• Add in the motion & flex aspect and you get even more issues. No surprise I have an aim to bridge the gap between rigid fits and free riding outside with my rocker plate history. But doing motion in a fit scenario has issues that lead me to take a “less is more” approach compared to regular training use. I have implemented thick mats and carpet when using a rear-wheel trainer. And I am now testing with a Minoura fork mount roller setup that actually includes some “flex” at the fork support for comfort. None of it is a replication even close to my home setup, but it’s better than pure rigid setups and what we see in the typical fit bike.

All in all, fit bikes are a cool concept, but far too expensive (in real cost but also time of fitting) that is not justified for our use at least.


Thanks. Makes me think about fitting different. I guess to me it seemed like fit bikes are clearly pretty expensive but if you do enough fits they would pay themselves off. So in that sense when looking for a bike fit finding a fitter with a fit bike means they do more fittings (so have more experience with different issues) and are more invested in doing fittings. And my bias is in wanting to play with more tech toys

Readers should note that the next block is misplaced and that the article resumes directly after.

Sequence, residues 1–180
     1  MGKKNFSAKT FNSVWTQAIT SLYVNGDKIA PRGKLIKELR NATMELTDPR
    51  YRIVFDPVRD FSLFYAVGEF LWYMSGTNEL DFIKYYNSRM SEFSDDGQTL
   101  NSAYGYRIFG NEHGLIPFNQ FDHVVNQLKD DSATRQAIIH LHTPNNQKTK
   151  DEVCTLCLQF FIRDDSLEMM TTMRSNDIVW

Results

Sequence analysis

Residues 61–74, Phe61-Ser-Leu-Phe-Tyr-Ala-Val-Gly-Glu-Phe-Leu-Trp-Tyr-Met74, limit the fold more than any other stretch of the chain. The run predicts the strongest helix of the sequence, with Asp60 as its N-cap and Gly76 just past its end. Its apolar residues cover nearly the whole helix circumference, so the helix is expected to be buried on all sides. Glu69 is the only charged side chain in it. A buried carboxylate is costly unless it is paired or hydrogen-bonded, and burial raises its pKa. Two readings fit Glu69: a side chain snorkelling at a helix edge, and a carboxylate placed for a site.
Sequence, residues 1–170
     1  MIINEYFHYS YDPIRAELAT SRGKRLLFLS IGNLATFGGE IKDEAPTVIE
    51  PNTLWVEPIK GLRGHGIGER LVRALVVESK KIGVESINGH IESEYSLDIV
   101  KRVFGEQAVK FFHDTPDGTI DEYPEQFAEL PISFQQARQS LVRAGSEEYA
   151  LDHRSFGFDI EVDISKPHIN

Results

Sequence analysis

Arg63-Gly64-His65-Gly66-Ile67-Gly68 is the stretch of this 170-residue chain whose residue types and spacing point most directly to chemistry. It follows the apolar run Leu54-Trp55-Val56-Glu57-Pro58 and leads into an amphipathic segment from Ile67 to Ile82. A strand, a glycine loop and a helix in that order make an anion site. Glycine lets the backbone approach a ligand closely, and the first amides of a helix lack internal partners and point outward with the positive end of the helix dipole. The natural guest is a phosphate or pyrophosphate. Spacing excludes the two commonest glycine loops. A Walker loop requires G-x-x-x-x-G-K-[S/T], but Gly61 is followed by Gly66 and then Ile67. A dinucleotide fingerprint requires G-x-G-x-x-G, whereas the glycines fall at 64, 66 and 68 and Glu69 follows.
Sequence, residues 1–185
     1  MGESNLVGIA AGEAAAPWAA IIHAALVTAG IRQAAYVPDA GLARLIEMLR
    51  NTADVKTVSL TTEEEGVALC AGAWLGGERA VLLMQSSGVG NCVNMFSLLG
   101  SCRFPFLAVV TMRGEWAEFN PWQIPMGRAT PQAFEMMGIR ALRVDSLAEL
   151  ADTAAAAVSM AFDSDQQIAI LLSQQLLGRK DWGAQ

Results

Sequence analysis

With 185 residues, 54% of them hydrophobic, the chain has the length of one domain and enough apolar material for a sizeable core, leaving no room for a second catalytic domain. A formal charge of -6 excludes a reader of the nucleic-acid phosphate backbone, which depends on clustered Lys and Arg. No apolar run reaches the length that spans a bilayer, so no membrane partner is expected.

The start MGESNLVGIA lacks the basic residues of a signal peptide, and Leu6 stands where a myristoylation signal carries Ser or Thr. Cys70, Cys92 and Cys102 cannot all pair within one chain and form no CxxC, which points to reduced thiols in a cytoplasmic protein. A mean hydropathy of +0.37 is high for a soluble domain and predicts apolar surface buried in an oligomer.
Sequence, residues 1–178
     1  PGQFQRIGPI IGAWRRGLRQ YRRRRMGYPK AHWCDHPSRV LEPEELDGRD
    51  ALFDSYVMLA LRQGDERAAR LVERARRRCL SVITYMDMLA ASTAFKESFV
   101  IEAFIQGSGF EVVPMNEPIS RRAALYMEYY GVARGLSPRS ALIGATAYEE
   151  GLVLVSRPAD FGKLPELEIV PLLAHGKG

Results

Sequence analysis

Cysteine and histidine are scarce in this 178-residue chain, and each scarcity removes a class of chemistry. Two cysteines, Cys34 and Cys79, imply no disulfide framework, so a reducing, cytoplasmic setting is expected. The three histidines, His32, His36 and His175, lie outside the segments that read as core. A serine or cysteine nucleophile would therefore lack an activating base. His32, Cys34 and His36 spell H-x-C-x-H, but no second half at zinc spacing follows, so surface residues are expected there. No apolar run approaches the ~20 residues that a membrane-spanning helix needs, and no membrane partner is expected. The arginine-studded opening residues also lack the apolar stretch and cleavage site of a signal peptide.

To me it seemed like the ability to do A/B testing very easily would be a major advantage (switching back and forth between two positions multiple times without any gap so the person on the bike can directly feel the difference), but guessing you can see from the movement of the cyclist which is better and so don’t really need to depend on their feedback and so would not be switching like that so often. From my perspective its hard to say for sure what is better and if I’m indecisive and annoying the fitter having to switch back and forth more…

My other reason for liking the fit bike was being able to use the data from it to buy a new bike. In that I have an endurance geometry fuji bike now but kind of want to get a new bike that is lower in the front end (thinking Specialized athos, but not not really set on that) So thinking a fit bike that can give arbitrary positions of saddle and handlebar positions to the bottom bracket would make it easier to figure out the size of a frame that is a very different geometry.

When I got a retul fit I liked that I had the data to look at my position but then felt like because I wasn’t supposed to sweat and have the ir admitters more they kept the wattage low. To me this made the position I was being fitted for on the bike felt wrong in that it seemed like as my power went up my position changed. (Going from weight on the saddle vs weight being more on the pedals)

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If you are still looking for a fit in Maryland (Baltimore), I highly recommend Full Sweet Cycling